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Are we the last 'Hifi' generation?

Discussion in 'audio' started by RoA, May 25, 2023.

  1. daytona600

    daytona600 Registered User

    Future will be one box Streaming systems / Streaming active speakers & almost none of them will be made in the UK. Tidal/IPad/Streaming will be the standard
    Traditional Multiple box systems will still be niche
  2. ricko01

    ricko01 pfm Member

    We can talk about youngin's lifestyle, competing interests for their entertainment money etc but I think the "cost of ownership" (or lack there of) of music today means there is a lack of respect (for a better word) for that music.

    When I started collecting vinyl back in 1970, in my country an imported album (which was 80% of the market) cost $40, which is ~$700 in today's terms.

    But putting aside this extreme example, it must be recognized that physical media cost proportionally was a reasonable amount of money for any youngsters during the period where a hi-fi system was at its peak. In my first job, I started on $5000 before tax and vinyl was $30 so when I could afford an album, it was cherished.

    We had none of this, on the go, omni-present mobile phones so our music playback experience was centered on a home stereo system.

    Thus was born, in some of us, the desire to maximize the sound of our hard earned black and silver discs because as time went on, our collection had cost us $1000's, $10,000s or more to buy.

    Now with the entire world of music available for $10 per month, streamed to your phone over headphones, as noted there is no skin in the game, music is just wallpaper.... so no desire exists to maximize its reproduction.

    There will of course be outliers but the trend is HI-FI as we know it will die along with the generation that it influenced.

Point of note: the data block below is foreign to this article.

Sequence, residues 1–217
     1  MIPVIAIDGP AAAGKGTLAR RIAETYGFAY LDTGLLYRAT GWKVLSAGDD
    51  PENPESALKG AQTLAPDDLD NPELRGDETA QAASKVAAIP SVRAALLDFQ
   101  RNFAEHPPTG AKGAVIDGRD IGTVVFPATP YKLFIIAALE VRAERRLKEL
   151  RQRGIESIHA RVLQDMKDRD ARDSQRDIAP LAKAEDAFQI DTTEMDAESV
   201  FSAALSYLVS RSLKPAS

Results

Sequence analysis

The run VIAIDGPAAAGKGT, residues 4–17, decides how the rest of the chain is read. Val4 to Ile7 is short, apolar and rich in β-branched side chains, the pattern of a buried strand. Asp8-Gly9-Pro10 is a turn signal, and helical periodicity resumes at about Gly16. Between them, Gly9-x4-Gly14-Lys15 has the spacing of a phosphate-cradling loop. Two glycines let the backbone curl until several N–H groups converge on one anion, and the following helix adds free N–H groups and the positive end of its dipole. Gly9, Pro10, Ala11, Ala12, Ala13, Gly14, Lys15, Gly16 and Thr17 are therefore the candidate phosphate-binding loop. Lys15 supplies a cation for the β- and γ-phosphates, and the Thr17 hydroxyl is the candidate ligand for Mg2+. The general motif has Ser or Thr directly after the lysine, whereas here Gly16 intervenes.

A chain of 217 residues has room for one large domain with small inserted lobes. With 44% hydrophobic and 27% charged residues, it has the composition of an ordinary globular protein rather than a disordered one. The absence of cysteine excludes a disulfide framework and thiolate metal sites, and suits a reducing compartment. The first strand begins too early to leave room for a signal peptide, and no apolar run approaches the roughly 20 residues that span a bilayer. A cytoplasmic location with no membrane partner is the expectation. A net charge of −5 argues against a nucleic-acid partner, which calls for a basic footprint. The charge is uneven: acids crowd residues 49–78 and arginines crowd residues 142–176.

The other thing, which may or not be related is music today (as seen from an historical perspective) is a bit bland. if you look at the period from say 1960 to 1990, the number of genres that were born (and died) that we as music consumers lived through was massive.

    Today and over the past 15-20 or so years, a small number of genres dominate and due to the internet and its ability to influence, generally only a small number of acts (typically singers, not bands) dominate.

    Thus if music today is homogenized then the desire to maximize its playback potential is again minimized.

    Maybe related, record companies do care about traditional A&R, they just look at what new artist is trending on social media and take it from there. No slogging through dive bars in back streets looking for new talent.

    And finally, with the world having gone so PC or its younger sibling woke, many of the bands/artists we grew up with would never get signed today cause they would be considered too offensive (just like many books, TV shows and movies of yore).

    The above is not a "ok boomer" rant...I aint knocking youngin's... its just the way the world is turning at the moment.

    RJohan and Mr Pig like this.
  3. kernow

    kernow pfm Member

    Owning any sort of physical media is dumb nowadays, it's a ritual, nothing more.

    There's more genres of music now than there was in the 70s,, it's just noone wants to listen to dire straits over and over
  4. Tony L

    Tony L Administrator

    This is simply not true IMHO. The thing that has changed is music is now democratised and decentralised. Trends are no longer defined by middle-aged white A&R men at huge record labels and major station radio DJs. That’s all boomer generation stuff. Old people music. The creativity is in the hands of the artists and exists far outside the reaches of the charts etc.

    Now is a great time for music. It is all the better without the corporate curation of past generations.
    gustav_errata, Toaster, CTank and 2 others like this.
  5. paulfromcamden

    paulfromcamden Baffled

    Wow! Where was that Peter?
  6. ricko01

    ricko01 pfm Member

    New Zealand.

    We had local record pressing plants that "needed" to be protected. So if you were buying top 40 stuff... its was pressed locally and so was cheap but more non-mainstream stuff had to be imported so the import tax was huge.

    In my first school holiday job I earned $1 an hour. After two weeks I had $80 and brought two records, both imports: Chuck Berry London Sessions and Hound Dog Taylor and the HouseRockers. Still have them!!!.

    Durmbo, Mr Pig and paulfromcamden like this.
  7. ricko01

    ricko01 pfm Member